He then decided that he would sit under a tree until he achieved wisdom. It came to him after six years of thoughts and wandering, what he called the four noble truths. The first of these is life is suffering. Even if we are happy now, we will be unhappy when things will end that are keeping us happy now. The second truth was that our desires make us suffer. Our desires lead us into an action that may be harmful to us or others. The third truth is that we can reduce or eliminate our suffering by eliminating our desires or stop wanting things. How do you stop wanting things? That was the fourth noble truth. You can eliminate your desires by following Buddha eightfold pathway.

First you need right view followed by right intent. (That is for achieving wisdom.) You need right speech, right action, and right means of earning a living. (These are for your ethical conduct.) You need right effort, right mindfulness and right concentration. (These are for mental development.)

Teachings of Buddha focus on living a practical life and not on destination. He taught people not to lie, steal, get angry, jealous, envy, deceive, talk behind people backs, bad talks, self praise, etc. In his religion, you cannot harm any living creators intentionally or unintentionally. He forbids you to have certain livelihood such as butcher, making weapons of war and producing and selling of alcoholic beverages and poison. You cannot buy or sell slaves either. He taught parents to raise their children to become honest and taught children to respect their parents and perform household chores. He taught students to respect their teachers and teachers to teach them with love and patience. He taught husband and wife their rights and duties, how to treat a friend, and also how an employer should treat his servants. He asked employers to use their servants no more than their strengths and abilities and pay them reasonably and give them vacation some time.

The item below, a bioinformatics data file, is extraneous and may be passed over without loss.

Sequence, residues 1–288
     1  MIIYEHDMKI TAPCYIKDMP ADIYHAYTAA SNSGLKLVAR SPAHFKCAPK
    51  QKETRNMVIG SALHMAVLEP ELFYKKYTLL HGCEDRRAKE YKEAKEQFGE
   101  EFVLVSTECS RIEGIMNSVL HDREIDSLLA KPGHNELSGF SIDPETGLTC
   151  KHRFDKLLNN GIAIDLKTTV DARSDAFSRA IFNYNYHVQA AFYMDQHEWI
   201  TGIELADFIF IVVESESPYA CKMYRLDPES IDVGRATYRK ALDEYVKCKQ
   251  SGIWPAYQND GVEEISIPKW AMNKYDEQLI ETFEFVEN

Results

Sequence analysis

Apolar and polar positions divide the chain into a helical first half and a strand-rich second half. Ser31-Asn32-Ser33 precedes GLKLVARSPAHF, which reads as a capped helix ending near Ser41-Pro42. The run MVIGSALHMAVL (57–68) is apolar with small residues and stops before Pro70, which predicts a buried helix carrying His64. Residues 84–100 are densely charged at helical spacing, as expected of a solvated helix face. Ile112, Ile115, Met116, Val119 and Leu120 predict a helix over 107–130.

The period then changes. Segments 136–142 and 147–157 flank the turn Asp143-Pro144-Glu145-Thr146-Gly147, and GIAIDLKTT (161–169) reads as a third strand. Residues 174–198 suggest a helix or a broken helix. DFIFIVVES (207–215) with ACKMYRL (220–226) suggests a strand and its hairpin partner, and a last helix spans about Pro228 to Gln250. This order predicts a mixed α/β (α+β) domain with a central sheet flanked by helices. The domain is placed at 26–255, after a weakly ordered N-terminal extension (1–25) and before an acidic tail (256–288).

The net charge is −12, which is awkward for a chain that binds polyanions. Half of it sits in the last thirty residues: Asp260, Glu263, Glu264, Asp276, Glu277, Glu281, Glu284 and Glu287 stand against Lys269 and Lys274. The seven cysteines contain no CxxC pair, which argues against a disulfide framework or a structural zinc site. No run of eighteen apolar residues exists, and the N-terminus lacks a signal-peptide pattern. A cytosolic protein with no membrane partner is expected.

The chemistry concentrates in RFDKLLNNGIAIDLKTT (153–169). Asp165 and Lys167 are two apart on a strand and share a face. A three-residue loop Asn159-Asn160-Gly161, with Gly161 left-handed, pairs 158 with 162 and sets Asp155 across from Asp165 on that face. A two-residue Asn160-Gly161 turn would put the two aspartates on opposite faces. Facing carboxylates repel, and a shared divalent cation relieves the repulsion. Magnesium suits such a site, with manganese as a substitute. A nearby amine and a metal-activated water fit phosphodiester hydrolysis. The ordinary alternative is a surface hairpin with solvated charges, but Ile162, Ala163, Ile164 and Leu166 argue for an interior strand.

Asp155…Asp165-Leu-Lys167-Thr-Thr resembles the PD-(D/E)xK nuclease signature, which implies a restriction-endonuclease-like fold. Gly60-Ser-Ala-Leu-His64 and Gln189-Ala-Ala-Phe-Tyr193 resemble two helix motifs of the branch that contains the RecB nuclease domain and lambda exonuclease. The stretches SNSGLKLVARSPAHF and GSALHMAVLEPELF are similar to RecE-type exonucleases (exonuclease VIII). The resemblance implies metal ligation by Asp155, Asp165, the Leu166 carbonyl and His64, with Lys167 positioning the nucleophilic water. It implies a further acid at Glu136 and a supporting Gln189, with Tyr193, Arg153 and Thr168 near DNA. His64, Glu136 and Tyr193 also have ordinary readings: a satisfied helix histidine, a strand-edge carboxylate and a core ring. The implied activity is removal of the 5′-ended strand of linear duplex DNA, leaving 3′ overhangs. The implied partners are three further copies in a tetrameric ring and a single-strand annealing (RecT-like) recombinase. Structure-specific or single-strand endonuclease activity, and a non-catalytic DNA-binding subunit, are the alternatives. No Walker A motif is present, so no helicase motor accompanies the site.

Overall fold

Buddha was very against Brahmanism rituals and dividing people in sects. He accepted everyone as his student regardless of their sect.

For monks, he has tougher rules. They cannot have worldly possession except a few things such as clothing, begging bowl, and razor. They can only eat what people give them. They cannot accept gold or silver and cannot use money. His teachers are supposed to spend most of their free time in meditation. For example, in Love Meditation, they are supposed to concentrate how to eliminate pain and suffering from the world. They are supposed to fill their hearts with love of all creatures and care about happiness of everyone in the world.

Buddha did not deny existence of Gods. But he thought they were also subject to life, death and rebirth like other creatures and had no effect or influence in this world. He did not believe in a soul but believed in rebirth.

His famous and important teaching was that there are three things that are roots of all evil deeds in the world: Greed, Hate and Delusion. These three things are like poison for people and like fire in which all people are burning. And you need to do some efforts to get rid of them.

This teaching of Buddha is still as credible today as it was 2500 years ago. Can we think of any evil deed that is not a result of any of these three things? These were behind all major wars in which millions of people died. When Hitler started World War II by declaring German race a superior race, it was his delusion. When the Church fought Crusades or each other for over one hundred years, it was their delusion. Similarly, when a Muslim kills another Muslim because he is not a good Muslim or kills someone because of his believes, that is his delusion.